Baltimore Blues was an Ellen Emerson White recommendation I am extremely glad I followed up on. I got it for Christmas and saved it for the work trip to Florida I took last week. I ended up spending seven hours sitting in airports so it was a good thing I had such an engrossing read with me. Although the result was an instant and urgent need to find a bookstore in Orlando (a shockingly difficult task, more on that later) to get my hands on the sequels. Eventually I managed to do this and I've been on a Laura Lippman binge ever since. I'll be reviewing the whole series as I finish them, so I figured I'd combine a couple titles here and there.
Baltimore Blues introduces the reader to Tess Monaghan, former newspaper reporter turned odd-job girl. Tess is a native Baltimorean and the city itself is without a doubt a main character in these novels. Lippman's love for and knowledge of Baltimore saturates every line--a real treat for readers who love ambiance and a real insider look into a city or region. Unemployed Tess is a creature of habit, filling up her time rowing on the Patapsco, eating breakfast at Jimmy's, mooching off her Aunt Kitty, and avoiding dinner with her disapproving, disappointed parents. Danger disrupts Tess' routine when she agrees to unofficially investigate a good friend's fiancee. A simple bout of snooping leads to a full-blown murder case and Tess soon finds herself fighting to clear her friend's name and watch her own back at the same time.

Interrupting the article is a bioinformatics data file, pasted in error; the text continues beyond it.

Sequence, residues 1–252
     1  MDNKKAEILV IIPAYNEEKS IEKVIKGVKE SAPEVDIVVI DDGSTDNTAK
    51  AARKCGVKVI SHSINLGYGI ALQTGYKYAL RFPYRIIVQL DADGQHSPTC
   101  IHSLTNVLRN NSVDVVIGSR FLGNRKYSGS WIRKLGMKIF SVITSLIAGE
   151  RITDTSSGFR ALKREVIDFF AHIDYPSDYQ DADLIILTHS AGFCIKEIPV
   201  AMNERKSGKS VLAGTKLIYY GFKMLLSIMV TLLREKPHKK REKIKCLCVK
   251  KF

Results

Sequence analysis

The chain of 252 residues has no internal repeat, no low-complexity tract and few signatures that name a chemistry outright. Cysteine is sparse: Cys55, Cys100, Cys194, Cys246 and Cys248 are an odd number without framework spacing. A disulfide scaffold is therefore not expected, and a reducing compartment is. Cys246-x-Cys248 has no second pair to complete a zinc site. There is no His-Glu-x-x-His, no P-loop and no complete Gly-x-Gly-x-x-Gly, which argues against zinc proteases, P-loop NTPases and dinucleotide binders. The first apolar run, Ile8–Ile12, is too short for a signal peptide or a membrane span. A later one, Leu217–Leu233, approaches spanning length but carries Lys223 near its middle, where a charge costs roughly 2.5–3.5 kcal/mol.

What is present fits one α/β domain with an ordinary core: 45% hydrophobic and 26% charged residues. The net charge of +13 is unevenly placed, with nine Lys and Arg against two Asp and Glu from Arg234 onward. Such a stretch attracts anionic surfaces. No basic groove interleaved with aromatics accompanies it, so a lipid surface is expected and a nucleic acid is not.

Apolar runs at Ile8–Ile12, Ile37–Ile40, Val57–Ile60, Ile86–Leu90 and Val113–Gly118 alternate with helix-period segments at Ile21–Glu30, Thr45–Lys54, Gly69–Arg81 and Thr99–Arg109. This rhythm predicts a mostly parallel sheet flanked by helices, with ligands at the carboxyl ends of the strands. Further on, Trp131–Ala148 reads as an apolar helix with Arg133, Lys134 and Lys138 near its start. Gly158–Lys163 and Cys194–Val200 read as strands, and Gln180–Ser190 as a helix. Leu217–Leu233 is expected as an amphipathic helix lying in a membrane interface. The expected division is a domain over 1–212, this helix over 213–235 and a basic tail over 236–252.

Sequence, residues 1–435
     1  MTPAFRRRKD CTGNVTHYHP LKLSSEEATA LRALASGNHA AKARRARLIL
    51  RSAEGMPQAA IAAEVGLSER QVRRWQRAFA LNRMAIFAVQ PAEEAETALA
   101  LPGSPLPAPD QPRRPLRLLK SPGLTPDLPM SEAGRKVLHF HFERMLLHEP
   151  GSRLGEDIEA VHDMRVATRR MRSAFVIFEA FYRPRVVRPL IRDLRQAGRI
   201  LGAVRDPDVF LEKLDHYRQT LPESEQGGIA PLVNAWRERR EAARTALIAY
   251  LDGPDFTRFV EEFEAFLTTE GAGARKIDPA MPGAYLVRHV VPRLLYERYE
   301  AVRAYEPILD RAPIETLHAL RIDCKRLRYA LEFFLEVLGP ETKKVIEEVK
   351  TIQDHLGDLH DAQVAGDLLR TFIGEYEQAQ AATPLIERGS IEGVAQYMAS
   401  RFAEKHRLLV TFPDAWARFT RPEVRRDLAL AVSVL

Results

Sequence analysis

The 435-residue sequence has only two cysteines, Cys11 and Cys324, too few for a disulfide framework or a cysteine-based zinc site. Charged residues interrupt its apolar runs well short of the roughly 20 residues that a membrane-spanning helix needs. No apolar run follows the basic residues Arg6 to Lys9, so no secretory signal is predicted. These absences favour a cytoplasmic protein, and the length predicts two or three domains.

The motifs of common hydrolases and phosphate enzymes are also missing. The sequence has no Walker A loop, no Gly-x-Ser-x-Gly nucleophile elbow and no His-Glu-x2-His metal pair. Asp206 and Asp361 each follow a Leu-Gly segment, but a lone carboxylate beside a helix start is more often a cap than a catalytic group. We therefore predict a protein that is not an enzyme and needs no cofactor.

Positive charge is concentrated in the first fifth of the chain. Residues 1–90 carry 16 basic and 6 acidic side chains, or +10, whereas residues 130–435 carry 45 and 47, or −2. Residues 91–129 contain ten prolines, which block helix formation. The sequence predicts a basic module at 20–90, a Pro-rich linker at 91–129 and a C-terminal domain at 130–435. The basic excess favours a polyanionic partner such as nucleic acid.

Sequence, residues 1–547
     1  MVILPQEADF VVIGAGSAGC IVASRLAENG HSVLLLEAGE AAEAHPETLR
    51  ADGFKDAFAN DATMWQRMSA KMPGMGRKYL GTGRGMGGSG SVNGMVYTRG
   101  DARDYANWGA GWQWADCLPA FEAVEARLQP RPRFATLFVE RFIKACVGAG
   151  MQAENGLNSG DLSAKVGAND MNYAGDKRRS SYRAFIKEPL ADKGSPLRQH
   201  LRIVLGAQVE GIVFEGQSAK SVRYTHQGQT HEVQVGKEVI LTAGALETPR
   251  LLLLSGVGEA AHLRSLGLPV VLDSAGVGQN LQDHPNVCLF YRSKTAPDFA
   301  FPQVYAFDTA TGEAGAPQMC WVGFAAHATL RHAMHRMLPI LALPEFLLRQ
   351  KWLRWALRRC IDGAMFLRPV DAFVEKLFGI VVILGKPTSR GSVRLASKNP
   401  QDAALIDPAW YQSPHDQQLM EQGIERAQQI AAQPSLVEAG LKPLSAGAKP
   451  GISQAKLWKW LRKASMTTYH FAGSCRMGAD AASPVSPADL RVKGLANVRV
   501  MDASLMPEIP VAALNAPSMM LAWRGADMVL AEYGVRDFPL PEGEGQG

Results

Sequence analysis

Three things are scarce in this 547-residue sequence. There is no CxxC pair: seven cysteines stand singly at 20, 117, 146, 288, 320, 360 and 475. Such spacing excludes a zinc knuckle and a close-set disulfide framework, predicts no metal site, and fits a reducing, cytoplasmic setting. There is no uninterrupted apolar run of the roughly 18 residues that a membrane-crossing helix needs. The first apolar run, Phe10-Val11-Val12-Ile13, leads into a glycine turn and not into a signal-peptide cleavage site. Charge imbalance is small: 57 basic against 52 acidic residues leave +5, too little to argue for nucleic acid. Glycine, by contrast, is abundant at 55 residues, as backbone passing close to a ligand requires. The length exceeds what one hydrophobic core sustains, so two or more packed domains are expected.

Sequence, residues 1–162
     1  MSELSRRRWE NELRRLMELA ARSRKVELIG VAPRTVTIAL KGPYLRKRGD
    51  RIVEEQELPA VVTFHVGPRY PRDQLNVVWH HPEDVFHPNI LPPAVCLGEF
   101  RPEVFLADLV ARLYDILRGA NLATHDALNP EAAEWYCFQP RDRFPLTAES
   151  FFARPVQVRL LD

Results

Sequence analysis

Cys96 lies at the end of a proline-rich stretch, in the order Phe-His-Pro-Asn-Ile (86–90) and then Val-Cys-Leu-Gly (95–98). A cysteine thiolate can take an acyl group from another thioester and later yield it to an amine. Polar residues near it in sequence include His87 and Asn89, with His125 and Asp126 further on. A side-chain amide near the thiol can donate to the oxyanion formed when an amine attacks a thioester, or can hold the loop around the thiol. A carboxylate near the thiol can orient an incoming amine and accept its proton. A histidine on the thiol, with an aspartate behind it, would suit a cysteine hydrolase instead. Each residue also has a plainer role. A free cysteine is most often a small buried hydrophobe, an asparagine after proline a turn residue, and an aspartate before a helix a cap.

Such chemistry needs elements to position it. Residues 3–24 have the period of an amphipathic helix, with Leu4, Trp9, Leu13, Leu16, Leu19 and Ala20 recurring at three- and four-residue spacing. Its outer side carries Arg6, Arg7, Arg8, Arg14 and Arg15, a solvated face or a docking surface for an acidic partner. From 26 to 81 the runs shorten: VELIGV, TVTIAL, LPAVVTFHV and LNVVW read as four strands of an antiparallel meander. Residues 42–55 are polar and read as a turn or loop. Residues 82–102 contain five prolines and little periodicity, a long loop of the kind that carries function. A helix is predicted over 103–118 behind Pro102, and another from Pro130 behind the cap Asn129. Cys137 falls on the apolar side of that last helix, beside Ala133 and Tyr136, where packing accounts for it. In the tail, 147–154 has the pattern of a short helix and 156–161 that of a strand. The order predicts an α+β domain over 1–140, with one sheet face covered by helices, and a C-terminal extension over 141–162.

Charm City picks up a few months after the events of Baltimore Blues. Tess is still living above her Aunt Kitty's bookshop, and the endearing musician/bookseller Crow seems to have worn down some of Tess' reservations about a possible relationship. She's even relented enough to accept a job as an apprentice investigator for the curmudgeonly lawyer/rowing instructor Tyner. But this unusually "normal" period doesn't last long, as the editors of the Beacon-Light hire Tess to investigate a case of a reporter undermining the system, publishing a controversial article that was never meant to run. In no time, the subject of the article turns up dead. An apparent suicide. Tess follows the trail through the ranks of the newspaper, convinced the suicide was, in fact, murder. Several secondary characters get some great fleshing out in this second volume, notably Tess' best friend (and crack reporter) Whitney and the always awesome Crow. I am now completely hooked on this series and thrilled to find there are, count them, seven more to go and a brand new installment coming out in March. Bring on the fun.